Causes and contributing factors of maternal mortality in Bosaso District of Somalia. A retrospective study of 30 cases using a Verbal Autopsy approach
Research output: Contribution to journal › Article
Background: Somali women suffer from one of the highest maternal mortality rates in the world. Somalia characterises a specific low-income country situation with a mix of newly urbanized and nomadic culture combined with a frail health care infrastructure set in a post-conflict era. Very little is known about the effects that these contextual factors can have on maternal mortality. Objectives: To explore and describe causes and contributing factors concerning maternal deaths in the Bosaso District, Puntland State of Somalia. Methods: Data was collected using an adapted Verbal Autopsy tool. In 2017 30 cases of maternal deaths occurring in 2016 in the Bosaso District were reviewed. Information was assessed by three independent reviewers who classified the cause of death and the contributing factors. The Three Delay Model was employed to identify socio-cultural and economic and health system factors that may have contributed to these maternal deaths. Results: Direct obstetric deaths accounted for 28 cases. Among these, haemorrhage was the leading cause, followed by eclampsia, sepsis and obstructed labour. Two cases were indirect obstetric deaths, caused by anaemia. All three types of delay were frequent among the studied cases. Delay in deciding to seek care was found in 25 cases, delay in reaching care in 22 cases and delay in receiving health care in 24 cases. Lack of knowledge, money, transportation, poor access and availability of adequate services, as well as substandard management by health care providers, were all underlying the delays. Conclusion: A comprehensive intervention programme is needed in order to decrease maternal mortality among Somali women. Such a programme must include health education, improved referral systems and strategic upgrading of care services.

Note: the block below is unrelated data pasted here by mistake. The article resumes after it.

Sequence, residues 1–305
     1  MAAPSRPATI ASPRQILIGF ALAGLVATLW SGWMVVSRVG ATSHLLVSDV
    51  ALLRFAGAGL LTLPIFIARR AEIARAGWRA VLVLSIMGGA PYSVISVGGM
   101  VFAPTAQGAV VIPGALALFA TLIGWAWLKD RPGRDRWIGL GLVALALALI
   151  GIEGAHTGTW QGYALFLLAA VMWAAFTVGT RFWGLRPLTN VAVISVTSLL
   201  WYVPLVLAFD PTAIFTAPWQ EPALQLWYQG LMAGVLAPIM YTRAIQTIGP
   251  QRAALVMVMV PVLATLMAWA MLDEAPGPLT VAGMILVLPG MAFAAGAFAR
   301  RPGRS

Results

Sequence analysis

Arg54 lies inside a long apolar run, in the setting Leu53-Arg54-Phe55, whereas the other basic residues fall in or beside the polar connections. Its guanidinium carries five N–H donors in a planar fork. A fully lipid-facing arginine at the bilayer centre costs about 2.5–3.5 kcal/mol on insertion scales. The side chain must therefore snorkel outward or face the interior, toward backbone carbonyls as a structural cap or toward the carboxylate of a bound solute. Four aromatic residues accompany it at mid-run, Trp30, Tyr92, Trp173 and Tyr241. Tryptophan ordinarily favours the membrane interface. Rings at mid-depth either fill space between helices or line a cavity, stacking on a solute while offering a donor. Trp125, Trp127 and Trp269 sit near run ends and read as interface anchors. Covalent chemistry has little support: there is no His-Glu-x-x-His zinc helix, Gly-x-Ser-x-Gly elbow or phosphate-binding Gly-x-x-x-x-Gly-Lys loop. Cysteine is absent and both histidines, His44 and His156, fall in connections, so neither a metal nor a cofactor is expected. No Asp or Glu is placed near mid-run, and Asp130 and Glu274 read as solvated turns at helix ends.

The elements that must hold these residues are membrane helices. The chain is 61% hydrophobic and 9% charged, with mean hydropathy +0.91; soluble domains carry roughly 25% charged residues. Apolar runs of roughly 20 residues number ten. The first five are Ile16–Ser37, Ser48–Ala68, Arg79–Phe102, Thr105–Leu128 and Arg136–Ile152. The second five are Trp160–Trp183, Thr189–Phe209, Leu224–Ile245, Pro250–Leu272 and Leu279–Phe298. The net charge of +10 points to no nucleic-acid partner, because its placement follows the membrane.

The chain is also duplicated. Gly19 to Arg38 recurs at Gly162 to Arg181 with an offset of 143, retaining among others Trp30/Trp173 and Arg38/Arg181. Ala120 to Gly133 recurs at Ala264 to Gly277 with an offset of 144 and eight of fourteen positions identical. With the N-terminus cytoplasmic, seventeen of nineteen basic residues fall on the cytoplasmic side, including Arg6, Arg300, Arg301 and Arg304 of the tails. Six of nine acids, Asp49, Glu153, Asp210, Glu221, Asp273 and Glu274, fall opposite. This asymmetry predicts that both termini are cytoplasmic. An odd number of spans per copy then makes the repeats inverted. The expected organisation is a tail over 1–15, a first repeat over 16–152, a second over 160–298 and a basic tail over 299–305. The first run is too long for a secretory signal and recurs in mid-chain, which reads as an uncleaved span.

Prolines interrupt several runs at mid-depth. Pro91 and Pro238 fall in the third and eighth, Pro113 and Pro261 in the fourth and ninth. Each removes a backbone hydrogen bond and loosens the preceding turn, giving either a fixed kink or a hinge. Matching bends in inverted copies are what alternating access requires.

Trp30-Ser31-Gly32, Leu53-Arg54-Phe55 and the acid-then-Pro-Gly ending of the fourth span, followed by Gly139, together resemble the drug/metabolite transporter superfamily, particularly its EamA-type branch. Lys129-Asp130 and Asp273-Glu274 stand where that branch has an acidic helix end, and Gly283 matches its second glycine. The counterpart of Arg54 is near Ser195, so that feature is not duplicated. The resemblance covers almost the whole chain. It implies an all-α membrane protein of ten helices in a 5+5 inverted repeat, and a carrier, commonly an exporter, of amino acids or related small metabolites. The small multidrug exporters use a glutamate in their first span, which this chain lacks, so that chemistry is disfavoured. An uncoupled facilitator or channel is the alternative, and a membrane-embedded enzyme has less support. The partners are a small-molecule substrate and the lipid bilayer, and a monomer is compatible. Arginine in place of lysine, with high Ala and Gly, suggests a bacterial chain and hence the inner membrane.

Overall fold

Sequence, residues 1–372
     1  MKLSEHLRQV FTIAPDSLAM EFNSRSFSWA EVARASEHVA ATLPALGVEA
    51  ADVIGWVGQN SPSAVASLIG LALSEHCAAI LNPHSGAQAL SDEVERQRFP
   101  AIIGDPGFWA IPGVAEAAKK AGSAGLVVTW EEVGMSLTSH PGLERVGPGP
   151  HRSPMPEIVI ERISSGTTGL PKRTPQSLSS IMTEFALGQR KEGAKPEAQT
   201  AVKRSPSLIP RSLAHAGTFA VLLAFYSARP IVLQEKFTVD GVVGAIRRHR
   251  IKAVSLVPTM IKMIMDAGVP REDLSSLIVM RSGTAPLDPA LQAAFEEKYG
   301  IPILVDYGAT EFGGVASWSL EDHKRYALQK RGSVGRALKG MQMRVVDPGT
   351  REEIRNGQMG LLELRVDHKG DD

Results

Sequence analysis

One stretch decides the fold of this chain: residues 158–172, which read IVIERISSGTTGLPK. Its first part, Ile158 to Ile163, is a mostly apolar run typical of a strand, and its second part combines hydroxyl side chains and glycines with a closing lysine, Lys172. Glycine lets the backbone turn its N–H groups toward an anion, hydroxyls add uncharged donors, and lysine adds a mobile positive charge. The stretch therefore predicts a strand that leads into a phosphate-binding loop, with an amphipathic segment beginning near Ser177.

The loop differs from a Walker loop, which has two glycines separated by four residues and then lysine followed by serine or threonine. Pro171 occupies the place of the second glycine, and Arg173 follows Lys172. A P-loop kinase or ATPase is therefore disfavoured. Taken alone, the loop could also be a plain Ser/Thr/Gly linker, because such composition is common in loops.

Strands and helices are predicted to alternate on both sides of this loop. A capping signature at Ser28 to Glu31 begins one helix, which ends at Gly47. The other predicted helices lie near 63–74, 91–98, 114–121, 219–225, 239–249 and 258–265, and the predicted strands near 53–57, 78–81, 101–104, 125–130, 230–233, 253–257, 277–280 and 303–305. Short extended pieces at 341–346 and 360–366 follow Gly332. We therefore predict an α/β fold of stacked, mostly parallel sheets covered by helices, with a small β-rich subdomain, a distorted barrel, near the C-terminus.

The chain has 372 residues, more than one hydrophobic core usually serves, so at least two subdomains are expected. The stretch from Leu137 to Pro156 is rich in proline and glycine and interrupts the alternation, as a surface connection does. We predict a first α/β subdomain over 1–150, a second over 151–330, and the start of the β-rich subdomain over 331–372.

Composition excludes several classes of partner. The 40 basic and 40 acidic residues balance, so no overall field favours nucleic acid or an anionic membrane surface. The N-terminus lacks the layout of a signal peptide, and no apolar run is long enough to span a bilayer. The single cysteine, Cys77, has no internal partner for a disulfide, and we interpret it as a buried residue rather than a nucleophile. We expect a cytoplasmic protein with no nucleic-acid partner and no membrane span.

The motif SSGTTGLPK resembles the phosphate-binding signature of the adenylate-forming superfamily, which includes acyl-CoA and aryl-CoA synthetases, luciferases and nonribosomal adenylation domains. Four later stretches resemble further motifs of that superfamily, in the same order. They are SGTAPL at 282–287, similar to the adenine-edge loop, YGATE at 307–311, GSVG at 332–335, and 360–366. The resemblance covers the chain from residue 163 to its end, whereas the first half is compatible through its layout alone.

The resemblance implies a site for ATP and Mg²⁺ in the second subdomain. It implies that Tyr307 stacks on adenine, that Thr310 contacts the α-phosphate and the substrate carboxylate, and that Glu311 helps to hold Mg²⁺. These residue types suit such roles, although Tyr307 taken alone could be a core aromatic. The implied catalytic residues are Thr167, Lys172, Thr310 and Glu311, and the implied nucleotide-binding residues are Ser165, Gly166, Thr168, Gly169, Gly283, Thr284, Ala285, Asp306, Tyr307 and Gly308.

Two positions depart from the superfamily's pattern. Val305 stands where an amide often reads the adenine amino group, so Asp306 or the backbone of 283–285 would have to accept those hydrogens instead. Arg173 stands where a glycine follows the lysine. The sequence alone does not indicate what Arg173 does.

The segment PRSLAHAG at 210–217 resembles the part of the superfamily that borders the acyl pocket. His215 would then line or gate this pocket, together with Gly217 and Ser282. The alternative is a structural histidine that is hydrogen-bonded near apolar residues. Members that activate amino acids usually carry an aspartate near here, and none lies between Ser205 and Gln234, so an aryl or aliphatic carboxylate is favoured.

|Research areas and keywords||
Subject classification (UKÄ) – MANDATORY
|Journal||Global Health Action|
|Publication status||Published - 2019|